I’ve done a post on sea urchins before, but it was only a broad overview. Today I’d like to focus on one particular genus of sea urchins, the slate pencil urchins. I saw a picture of these guys and just knew I had to write about them.
There are five species of slate pencil urchin, all in the genus Eucidaris. They are found in the Indian, Pacific, and Atlantic Oceans, as well as in the Caribbean Sea. They like warm tropical waters, and are usually found in shallow areas, though some can be spotted as deep at 500m.
The most obvious part of pencil urchins is their spines — though I’m not sure we should call them spines. To me, spines should be nice and sharp, and pencil urchins’ definitely are not. They’re more like the eraser end of a pencil than the sharp end. Their bodies can grow to be 6 cm in diameter, with the spines growing to be about the same length.
The (relatively) giant, blunt spines of pencil urchins are used for a number of different purposes. They help deter predators, and also provide the urchins with camouflage, as algae and seaweed get attached to the spines. The urchins use the spines to move around, as well as to anchor themselves in rock crevices for protection.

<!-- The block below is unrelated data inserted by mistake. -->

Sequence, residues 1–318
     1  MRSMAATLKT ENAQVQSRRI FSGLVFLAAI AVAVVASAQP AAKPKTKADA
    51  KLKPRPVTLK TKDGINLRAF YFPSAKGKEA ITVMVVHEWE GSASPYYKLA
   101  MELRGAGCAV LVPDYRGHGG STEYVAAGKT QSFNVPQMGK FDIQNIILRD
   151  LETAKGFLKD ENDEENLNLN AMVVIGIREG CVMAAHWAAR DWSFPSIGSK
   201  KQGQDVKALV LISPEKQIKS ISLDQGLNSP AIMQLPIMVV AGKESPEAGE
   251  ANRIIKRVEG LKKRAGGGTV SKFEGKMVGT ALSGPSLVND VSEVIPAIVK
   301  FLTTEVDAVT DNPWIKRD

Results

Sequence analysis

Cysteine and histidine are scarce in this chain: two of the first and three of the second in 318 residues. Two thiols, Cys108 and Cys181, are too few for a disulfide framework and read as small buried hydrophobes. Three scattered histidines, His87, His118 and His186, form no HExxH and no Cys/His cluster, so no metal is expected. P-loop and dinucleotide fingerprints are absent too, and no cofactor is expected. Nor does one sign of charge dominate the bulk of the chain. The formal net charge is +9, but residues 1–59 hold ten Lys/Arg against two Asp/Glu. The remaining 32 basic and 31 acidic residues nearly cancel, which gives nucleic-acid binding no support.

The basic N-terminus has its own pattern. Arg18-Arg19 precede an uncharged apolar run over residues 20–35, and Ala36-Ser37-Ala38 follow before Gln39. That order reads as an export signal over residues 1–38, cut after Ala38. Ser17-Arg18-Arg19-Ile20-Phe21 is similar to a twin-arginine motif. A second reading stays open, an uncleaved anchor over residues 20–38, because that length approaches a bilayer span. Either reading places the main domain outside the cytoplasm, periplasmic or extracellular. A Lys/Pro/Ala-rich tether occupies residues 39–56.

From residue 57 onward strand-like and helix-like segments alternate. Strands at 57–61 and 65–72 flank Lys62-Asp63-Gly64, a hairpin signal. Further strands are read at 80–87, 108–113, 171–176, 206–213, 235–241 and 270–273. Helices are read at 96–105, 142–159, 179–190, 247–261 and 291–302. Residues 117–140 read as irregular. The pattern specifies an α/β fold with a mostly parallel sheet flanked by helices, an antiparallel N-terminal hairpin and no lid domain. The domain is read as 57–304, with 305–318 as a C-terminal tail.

These sea urchins don’t have a very exciting diet, feeding mostly on algae and detritus. Sometimes they get bored of eating the same old algae, and will prey on sponges and small invertebrates. Delicious! They have relatively strong jaws that are capable of handling their varied diet.
Like a lot of marine invertebrates, pencil urchins are pretty lazy when it comes to reproduction. They simply release eggs and sperm into the water and cross their spines that the gametes will meet and fertilize one another. Larval pencil urchins are equally slothful, drifting on ocean currents until they are ready to settle on the ocean floor and begin adulthood.
I can’t decide whether pencil urchins look hilarious or super cool. Maybe it’s a bit of both. They look a bit like mines, which is pretty neat. Still, those blunt spines are quite silly. Ah well, at least they’re interesting!
Cover image credit: Nick Hobgood via Wikipedia